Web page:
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Local small businesses join forces to expand success

Local small businesses join forces to expand success

Local small businesses join forces to expand success

Times-News Staff Writer
Published: Saturday, November 29, 2014 at 4:30 a.m.

Patrick Sullivan/Times-News
Elise Sampson and her daughter, Carolyn Sampson, with Girls Gotta Bake!, make some spicy ginger cookies Thursday.

The owners of three local small businesses — Tito’s Specialty Foods, Health Fit Foods and ASG Strategies — have joined forces and launched WNC Artisan Foods, an incubator offering distribution services, a buyers club and commercial kitchen, and business consulting services to foodie entrepreneurs.

“It’s Western North Carolina’s first true artisan food incubator,” said Graham Mew, CEO of ASG Strategies.

He said ASG Strategies offers business consulting services to the group, while Tito Micucci of Tito’s Specialty Foods brings industry knowledge and Chuck Connolly — former executive chef at Hubba Hubba Smokehouse and creator of Health Fit Foods — brings culinary skills and oversight to the mix.

Known in Hendersonville for his hummus and pimento cheese dips, Micucci said he began brainstorming with Mew about an artisan food incubator when Tito’s Specialty Foods was on the verge of collapse.

“You can’t be everywhere at once, doing everything for your business,” he said. “I was going to shut my business down.”

He and Mew knew that several other food-based small businesses don’t profit from the sales they make after funding production, packaging, distribution and marketing costs, and came up with a cooperative-style business incubator that allows individual members to pay for only the services they require.

New member Elise Sampson, owner of Girls Gotta Bake! gluten-free desserts, said her business will begin by utilizing WNC Artisan Foods’ distribution services, which will take her products beyond local farmers markets, private orders and the Food Matters Market in Brevard.

“They will take our products … into a larger arena, like Charlotte and Greensboro,” Sampson said. “They would also introduce our products into the stores they’re already working with.”

“(Micucci) has already opened up a huge number of doors,” Mew added.

While catering to small, niche markets like Black Bear Coffee Company and Saint Paul Mountain Vineyards locally, Micucci distributes to Katuah Market and Greenlife Grocery in Asheville, and Whole Foods Market in Asheville and Greenville, S.C. – laying groundwork for products created by other WNC Artisan Foods members.

Mew said that ideally, the group wants to get its members’ products into larger-market retailers including Whole Foods Markets, Earth Fare, Fresh Markets and local co-ops and food markets.

In addition to expanding a small business’ market, distribution through WNC Artisan Foods also decreases the cost of distribution, since multiple members would be chipping in to pay for each truck delivery.

“We’re defraying the gas across 20 businesses,” Micucci said. “That’s probably the most beneficial to businesses,” especially when deliveries are as far away as Atlanta. “I would have to sell more hummus than my vehicle could even carry for that to be worth my while.”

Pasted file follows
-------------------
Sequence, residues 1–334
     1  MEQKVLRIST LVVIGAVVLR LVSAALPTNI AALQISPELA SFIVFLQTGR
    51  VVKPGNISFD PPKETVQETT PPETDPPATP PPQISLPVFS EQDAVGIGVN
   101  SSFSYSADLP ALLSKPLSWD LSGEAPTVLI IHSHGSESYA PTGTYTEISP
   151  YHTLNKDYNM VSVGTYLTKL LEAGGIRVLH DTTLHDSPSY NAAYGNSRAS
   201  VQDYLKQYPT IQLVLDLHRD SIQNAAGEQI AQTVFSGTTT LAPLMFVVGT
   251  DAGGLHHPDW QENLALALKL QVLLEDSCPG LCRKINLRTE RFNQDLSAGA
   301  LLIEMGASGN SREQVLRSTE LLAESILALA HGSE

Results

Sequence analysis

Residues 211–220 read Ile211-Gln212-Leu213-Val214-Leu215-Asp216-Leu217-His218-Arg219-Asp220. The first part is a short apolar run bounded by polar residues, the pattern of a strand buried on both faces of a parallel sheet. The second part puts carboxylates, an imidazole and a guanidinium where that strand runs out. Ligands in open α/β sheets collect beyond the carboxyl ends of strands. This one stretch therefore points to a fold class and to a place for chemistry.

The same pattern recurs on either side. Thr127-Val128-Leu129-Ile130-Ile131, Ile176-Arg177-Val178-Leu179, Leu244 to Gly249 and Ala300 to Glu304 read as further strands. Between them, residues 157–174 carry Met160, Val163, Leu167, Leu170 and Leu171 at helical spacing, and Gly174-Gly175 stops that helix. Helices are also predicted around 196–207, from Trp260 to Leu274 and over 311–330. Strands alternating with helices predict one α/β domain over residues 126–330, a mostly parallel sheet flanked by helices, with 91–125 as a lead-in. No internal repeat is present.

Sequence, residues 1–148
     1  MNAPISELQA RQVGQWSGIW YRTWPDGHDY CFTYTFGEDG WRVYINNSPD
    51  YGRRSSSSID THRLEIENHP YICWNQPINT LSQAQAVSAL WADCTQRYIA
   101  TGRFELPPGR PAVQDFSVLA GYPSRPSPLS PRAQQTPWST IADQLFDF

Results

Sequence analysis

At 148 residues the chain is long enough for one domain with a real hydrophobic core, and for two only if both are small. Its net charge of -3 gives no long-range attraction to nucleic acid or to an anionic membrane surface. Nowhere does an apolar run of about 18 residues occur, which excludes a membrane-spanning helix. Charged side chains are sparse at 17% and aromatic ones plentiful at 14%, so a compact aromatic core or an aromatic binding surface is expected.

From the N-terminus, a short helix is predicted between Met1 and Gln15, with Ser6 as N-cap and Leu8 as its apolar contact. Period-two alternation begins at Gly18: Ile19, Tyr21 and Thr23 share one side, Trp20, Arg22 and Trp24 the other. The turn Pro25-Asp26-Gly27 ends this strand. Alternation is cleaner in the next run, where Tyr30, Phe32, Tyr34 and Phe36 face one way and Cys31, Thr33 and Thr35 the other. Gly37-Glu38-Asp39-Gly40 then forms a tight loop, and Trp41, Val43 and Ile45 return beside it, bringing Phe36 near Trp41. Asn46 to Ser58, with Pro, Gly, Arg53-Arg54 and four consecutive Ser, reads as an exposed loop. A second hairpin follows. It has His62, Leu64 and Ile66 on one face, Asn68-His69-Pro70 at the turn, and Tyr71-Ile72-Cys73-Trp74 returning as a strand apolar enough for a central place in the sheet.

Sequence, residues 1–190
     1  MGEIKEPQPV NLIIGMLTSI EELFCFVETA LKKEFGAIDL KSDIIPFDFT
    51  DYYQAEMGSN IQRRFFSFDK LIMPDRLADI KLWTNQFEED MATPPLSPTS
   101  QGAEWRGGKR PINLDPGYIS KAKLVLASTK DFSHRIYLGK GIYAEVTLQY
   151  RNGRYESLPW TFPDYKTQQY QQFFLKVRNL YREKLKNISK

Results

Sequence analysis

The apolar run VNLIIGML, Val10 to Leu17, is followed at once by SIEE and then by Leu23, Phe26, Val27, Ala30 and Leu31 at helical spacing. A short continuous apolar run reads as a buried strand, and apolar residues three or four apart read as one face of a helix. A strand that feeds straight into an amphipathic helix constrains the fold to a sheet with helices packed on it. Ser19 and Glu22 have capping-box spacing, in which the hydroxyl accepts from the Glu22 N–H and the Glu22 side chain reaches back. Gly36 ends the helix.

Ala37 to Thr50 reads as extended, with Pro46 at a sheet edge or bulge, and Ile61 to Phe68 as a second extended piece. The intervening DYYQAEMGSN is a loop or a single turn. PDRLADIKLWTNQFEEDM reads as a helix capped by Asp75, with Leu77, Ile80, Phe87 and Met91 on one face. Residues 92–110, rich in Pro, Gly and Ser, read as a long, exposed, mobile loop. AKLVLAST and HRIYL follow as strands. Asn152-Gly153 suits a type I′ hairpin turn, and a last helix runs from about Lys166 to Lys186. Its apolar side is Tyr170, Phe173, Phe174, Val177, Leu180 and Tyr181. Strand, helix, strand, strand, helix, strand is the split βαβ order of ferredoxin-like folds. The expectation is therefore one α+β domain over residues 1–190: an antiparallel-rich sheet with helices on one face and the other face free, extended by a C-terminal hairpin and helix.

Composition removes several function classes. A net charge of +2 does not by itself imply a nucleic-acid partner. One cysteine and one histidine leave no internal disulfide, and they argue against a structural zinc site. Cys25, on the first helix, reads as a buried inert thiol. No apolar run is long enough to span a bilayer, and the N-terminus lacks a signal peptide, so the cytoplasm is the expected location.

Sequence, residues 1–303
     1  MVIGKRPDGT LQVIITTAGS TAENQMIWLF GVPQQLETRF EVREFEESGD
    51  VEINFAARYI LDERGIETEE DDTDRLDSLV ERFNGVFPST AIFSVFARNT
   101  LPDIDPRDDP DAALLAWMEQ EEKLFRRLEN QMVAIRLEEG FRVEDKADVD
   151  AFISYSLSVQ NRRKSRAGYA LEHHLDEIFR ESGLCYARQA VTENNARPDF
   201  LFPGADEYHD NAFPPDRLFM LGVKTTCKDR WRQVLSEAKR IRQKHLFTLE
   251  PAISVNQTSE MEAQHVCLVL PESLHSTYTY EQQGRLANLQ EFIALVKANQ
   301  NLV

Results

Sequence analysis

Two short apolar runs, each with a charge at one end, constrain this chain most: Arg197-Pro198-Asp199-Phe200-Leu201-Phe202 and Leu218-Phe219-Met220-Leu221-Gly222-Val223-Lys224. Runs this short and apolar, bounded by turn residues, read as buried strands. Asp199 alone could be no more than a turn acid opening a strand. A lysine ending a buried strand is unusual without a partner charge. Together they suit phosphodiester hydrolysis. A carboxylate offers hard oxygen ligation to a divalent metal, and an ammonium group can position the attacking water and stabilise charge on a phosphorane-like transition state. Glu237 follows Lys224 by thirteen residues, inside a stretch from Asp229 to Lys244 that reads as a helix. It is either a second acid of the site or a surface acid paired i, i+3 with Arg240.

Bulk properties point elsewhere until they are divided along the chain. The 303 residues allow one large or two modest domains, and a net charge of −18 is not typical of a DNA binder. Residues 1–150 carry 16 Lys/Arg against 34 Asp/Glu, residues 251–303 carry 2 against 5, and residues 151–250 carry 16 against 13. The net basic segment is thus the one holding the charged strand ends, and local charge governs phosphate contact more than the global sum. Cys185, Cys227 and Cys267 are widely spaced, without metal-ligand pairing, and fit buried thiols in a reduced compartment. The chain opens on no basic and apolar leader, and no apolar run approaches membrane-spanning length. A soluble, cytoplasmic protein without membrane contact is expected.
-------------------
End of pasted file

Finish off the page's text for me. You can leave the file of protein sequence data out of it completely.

“It’s worth it to me to pay the percentage for them to do the legwork and make deliveries,” Sampson agreed. “It’ll help cut our costs.”

Members of WNC Artisan Foods will also be able to cut costs by purchasing bulk ingredients through a buyer’s club, based on the economy of scale.

“I can buy a house and pay a mortgage, and you can buy a house and pay a mortgage. But if you and I pool our money together, we can buy three houses and pay three mortgages,” Micucci said.

By allowing nonmembers like other commercial restaurants or even individuals to add onto an order of a specific ingredient, such as sugar, the volume increases and the price goes down and saves everyone money.

“If we can save 33 percent on just one ingredient, (profit) margins significantly increase,” Micucci said.

A membership with WNC Artisan Foods will also gives foodie business owners access to a commercial kitchen overseen by Connolly, who can help improve flavor and productivity in the kitchen workspace, Mew said.

The group is still looking for the right location to open the commercial kitchen, but it will have a loading dock that can handle deliveries of bulk ingredients in palettes.

Though that location hasn’t yet been determined, Micucci said, “It’s going to be in Henderson County, and we are going to specifically have a gluten-free section. There will be access to it 24/7; it’s just a question of the scheduling.”

While Connolly will advise members in the culinary vein, and Micucci offers his experience with packaging, sales and the logistics of distribution, Mew and ASG Strategies come into play in tweaking business plans, examining sales margins and researching what makes a product profitable.

Mew said he’s already been working with WNC Artisan Foods members in developing focus groups and test kitchens to determine which member products are successful and why — and how they might be improved.

“We’re getting a number of people locally … and scheduling a focus group,” Micucci said. “Everything that they eat, they need to fill out a sheet for us, ranking or rating it … even when it comes down to the packaging.”

Mew said he asks members, “What size do we put this in, how do we package it and what’s the shelf life?” WNC Artisan Foods’ consulting, planning, cost-savings of a buyers club and group distribution, and eventually a commercial kitchen, will help launch local food businesses and ensure their successes.

“The difference between being a hobby and winning as a company is getting into stores,” Mew said.

For more information about WNC Artisan Foods, call Micucci at 828-393-8762 or Mew at 828-388-1767.

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